Translation:Her mouth is small and cute.
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You people just do not understand when it should be translated and when it shouldn't. That's because you keep chatting at the back of the classroom instead of listening to prof. Duo!! When 很 links a noun and an adjective (as in 嘴巴很小), it works as a verb (usually translated by "to be"), not as an intensifier. Basically, if you can't remove 很 from a sentence, it means it is a verb and that it should therefore be translated by "to be": Her mouth is small. If you can remove 很 from a sentence, it means it is working as an intensifier and you can translate as such. E.g. 她（很）喜欢玩游戏 She likes playing games (very much / a lot).
That may be how Duolingo translates 很. What I learned in an online Chinese class, however, is that it really depends on whether or not that is emphasized. It is certainly helpful to have your input on how to make Duo happy though, since that it what gets you to the next stage of learning. Thanks for the feedback!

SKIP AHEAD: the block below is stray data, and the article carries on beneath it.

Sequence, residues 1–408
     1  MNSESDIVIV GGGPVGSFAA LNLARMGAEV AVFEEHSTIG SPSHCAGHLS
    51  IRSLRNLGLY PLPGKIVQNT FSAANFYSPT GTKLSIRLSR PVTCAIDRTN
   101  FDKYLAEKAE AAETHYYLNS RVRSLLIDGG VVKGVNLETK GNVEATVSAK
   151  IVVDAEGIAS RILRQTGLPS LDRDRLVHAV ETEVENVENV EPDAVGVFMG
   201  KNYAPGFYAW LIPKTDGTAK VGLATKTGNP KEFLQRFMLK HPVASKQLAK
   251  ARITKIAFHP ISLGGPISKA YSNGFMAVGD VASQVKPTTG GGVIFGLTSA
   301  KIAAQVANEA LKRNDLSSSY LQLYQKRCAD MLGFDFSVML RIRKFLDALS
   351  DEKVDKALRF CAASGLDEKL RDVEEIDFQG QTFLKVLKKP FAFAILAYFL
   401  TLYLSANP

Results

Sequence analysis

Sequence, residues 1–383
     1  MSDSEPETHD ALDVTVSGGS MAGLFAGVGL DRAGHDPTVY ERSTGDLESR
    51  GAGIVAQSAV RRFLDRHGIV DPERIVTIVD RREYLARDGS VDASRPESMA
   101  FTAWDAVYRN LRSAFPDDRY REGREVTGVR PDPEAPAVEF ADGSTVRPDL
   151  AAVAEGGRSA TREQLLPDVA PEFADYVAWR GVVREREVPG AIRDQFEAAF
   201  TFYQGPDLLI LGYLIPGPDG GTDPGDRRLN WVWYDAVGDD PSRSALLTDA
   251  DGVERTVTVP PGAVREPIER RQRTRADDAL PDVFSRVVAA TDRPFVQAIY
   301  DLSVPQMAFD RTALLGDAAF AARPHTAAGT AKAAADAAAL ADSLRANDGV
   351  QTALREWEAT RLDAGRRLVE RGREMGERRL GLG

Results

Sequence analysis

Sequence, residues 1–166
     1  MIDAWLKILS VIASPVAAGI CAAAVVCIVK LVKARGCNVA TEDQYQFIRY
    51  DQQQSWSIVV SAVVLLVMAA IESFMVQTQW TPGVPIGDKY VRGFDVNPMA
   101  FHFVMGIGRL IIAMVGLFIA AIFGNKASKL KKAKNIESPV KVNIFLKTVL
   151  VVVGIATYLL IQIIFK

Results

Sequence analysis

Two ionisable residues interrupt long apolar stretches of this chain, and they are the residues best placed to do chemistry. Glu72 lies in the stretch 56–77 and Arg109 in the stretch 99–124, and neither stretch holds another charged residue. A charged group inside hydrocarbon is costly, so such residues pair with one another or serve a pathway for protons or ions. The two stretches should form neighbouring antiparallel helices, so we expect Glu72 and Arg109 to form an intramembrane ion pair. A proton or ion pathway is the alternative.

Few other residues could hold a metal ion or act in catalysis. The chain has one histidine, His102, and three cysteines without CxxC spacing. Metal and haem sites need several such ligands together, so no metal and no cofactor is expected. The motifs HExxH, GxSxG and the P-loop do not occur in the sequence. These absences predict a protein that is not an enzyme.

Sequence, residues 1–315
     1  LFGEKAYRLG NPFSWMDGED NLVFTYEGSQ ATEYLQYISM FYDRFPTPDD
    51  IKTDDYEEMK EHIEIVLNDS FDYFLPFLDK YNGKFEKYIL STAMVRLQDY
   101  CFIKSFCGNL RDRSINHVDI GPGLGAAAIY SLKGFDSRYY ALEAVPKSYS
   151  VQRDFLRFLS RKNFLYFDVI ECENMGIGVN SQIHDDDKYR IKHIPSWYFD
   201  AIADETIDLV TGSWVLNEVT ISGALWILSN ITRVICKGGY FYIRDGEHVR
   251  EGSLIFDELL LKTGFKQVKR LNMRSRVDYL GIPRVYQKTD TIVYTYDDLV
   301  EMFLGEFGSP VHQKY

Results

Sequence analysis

It makes sense in a basic lesson on body parts. Generally, 口 includes the inside, while 嘴巴 refers to the lips and tongue (i.e. the visible part). See this post: https://forum.duolingo.com/comment/26652252/%E5%8F%A3-vs-%E5%98%B4%E5%B7%B4
As far as I can tell, adjectives in Chinese usually require an adverb when used as predicates. For example, 我高兴 (I'm happy) sounds funny, so an adverb like 很 is usually required, as in 我很高兴 (I'm [very] happy). Other examples are 我不高兴 (I'm not happy) and 我非常高兴 (I'm very happy). As far as I can tell, when 很 is used in these cases, it's more or less to satisfy a grammatical requirement to make the sentence less awkward, and it takes on a very weak meaning. In other words, it doesn't necessarily mean 'very' when used in this case. I guess for that, one would use 非常 instead of 很.
That said, I still think it 'Her mouth is very small and very cute' should be accepted. Either that or provide an explanation when 很 is taught for the first time.